Also, I think one of the major reasons I hadn't seen doctor for back pain over the  past 5-10 years was that I didn't recognize it as back pain. I filtered my pain through a personal lens. I have always been athletic, growing up as a swimmer and started running seriously about 10 years ago. The lower back pain, maybe minor for a while, I could right off as running related. Biking was always uncomfortable. The stiffness at night started over 8 or so years ago; I attributed it to allergies and dietary problems that kept getting worse - trouble sleeping, with difficulty breathing when lying on my back, ankle stiffness and balance problems when getting up, kidney like pain becuase I ate something wrong (that was lower back pain). I didn't want it to be joint related problem and the allergy and diet narrative fit with maintaining my physical and athletic identity. That identity has been taken from me. I'm trying to understand who I am physically now and learning that moderate excersise is a lot less and more difficult than it used to be.

    It's a little scary at first, but the ambiquity and not knowing while being in pain and getting inadeqate treatement is difficult. 

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    • Posted

      A brilliant piece of writing..amazing post have put it all in a nut shell...albeit a large coconut shell....this is informative and tells the story of many of us...thank you so much.
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    • Posted

      Hi Sylvester44,

      thank you you for your posting, it was very useful. 

      I’m hoping someone here can help with info or insight. 

      My husband (54 yrs) has Crohn’s disease, and about 12 months ago started getting recurrent high fevers with vomiting and shaking, and extreme joint pain to the degree that he was having trouble walking and standing. He then began to have eye inflammation which was so painful he couldn’t open his eye. He was also having headaches, and lethargy. He was having visible swelling in his knee joint, and the pain often migrated to other joints like his wrist which also swelled and his feet ached. He was also having recurrent back pain, but as he has a couple of bulging discs this seemed nothing out of the ordinary. 

      Our GP is wonderful and very supportive. He ran multiple blood tests which showed some CReactive protein increases at times. In the meantime, I started researching his symptoms and found that they seemed to be what was described as extra intestinal symptoms of Crohn’s disease, and started, as you say, being assertive in his medical care. His gastroenterologist did a colonoscopy which showed his Crohn’s was not in flare up (even though he had been passing blood & mucus at times and was having loss of appetite and bloating which he is still experiencing intermittently). 

      We’ve spent the last 12 months trying to find out what’s going on. He is much better now but this is mostly because he has been off work for several months and doesn’t have to walk or stand much and can go back to bed during the day if he has a bad night. When he does walk though, even for about an hour at a shopping centre his knee pain increases and swelling increases. 

      We’ve been to opthalmologist for the eye, who said he had conjunctivitis as well as a dry eye problem and concluded it was not from Crohn’s eye symptoms. Infectious diseases specialist said he believed it was Crohn’s related fevers and inflammation. Rheumatologist started looking at Ankylosing Spondyloarthritis and did X-rays which showed grade 2 sacroiliac disease consistent with ASp but then ordered an MRI for an unequivocal result. The MRI came back normal. So now we are back to square one. I’m confused as to how the XRay could show ASp but MRI be normal. I was interested in what you said about MRIs not being entirely objective, and am now wondering if the guy who did the MRI got it wrong. He didn’t seem particularly competent when he was doing the procedure (touched the IV site with his bare hands after sterilising and then had to start again, and then removed the IV line from my husbands arm and squeezed the site while he was pulling it out so blood spurted everywhere).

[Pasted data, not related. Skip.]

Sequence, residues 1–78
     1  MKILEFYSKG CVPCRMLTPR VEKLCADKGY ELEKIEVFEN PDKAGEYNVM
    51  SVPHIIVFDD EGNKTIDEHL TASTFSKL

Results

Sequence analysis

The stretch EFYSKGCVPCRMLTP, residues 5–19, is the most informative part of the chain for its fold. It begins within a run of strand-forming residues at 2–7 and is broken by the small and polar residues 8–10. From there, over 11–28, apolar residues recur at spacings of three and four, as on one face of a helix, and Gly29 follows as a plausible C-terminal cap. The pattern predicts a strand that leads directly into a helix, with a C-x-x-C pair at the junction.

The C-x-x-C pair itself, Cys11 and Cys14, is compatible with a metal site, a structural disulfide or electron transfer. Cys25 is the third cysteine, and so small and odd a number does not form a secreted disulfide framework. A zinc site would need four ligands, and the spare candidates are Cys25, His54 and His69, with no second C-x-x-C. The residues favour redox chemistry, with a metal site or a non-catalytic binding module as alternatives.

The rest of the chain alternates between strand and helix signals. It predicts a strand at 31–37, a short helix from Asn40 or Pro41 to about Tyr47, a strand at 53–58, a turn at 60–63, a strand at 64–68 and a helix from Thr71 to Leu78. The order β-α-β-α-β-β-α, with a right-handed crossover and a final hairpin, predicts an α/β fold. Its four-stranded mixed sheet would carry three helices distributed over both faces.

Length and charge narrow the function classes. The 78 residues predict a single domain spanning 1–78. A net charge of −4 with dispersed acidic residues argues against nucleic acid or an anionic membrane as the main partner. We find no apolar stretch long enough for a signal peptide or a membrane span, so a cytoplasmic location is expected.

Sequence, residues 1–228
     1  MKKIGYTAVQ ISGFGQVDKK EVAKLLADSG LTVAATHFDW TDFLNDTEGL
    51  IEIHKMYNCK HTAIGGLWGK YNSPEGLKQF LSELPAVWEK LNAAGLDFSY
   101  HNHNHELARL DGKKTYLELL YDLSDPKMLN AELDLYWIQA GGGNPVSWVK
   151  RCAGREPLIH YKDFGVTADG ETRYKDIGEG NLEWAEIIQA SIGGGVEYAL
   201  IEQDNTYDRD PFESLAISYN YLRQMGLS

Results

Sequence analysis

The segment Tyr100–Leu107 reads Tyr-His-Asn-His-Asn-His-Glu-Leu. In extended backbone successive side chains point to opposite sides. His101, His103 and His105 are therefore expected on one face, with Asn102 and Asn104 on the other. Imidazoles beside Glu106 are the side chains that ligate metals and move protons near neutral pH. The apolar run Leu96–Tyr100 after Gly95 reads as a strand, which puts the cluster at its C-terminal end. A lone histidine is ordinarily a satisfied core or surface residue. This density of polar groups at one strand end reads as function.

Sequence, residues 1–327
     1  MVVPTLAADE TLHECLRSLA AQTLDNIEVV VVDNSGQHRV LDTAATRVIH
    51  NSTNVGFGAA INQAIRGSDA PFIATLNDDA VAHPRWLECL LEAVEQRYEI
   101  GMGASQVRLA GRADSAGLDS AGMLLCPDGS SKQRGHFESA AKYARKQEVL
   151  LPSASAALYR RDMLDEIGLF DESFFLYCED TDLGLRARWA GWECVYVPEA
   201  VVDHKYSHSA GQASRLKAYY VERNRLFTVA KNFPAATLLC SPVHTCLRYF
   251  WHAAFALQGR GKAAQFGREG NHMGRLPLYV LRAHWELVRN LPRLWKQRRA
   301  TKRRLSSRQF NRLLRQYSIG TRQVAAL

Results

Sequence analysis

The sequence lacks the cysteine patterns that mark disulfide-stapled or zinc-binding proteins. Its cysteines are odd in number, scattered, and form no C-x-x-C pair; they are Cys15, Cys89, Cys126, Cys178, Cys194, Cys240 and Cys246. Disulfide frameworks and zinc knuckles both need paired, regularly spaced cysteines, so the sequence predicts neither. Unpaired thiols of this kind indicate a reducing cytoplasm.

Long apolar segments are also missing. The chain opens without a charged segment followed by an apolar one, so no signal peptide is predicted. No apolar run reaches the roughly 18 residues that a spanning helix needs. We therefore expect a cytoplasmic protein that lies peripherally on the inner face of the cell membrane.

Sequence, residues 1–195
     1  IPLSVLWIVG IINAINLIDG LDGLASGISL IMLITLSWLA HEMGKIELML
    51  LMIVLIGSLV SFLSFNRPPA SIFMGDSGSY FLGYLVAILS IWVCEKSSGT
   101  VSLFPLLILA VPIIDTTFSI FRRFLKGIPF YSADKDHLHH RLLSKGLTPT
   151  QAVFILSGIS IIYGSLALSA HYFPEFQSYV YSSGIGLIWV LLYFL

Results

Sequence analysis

So is it possible if someone else looked at the MRI film they might have a different interpretation?  And/or is it possible the X-ray results were correct but the MRI not. As I write this, I feel like I’m answering my own question in my head ...” could the radiographer who did the X-ray been more thorough in his interpretation than the buffoon who did the MRI??

      It’s been 12 months now and this is still unresolved. The rheumatologist increased his Crohn’s medication which is also used in autoimmune arthritis. This hasn’t “cured” him at all. This is affecting every area of our lives, and of course he feels depressed as well. We’ve  spent a fortune on medical treatment with no clear dx.  He has also been stressed by the fact that he is off work and still not well enough to return, so his workplace cannot move on either and refill his position permanently. We are now looking at going for a medical retirement so at least that will be one stressor removed and he can then access his superannuation. 

      I’m hoping that someone here will have some thoughts on this, as I find that the patient (or their support person) is often better informed than the medical practitioners. His first gastroenterologist had never heard of arthritic symptoms in Crohn’s disease even though 1in 5 suffer this extra illness. 

      From what I have read here, people have had negative radiography results to explain their pain and then at a later time had significant spinal deterioration and clear radiography ASp results. We don’t want to wait until it is too late and need to find an answer in order to seek appropriate treatment ASAP.

      Thanks for reading.

      kind regards Aria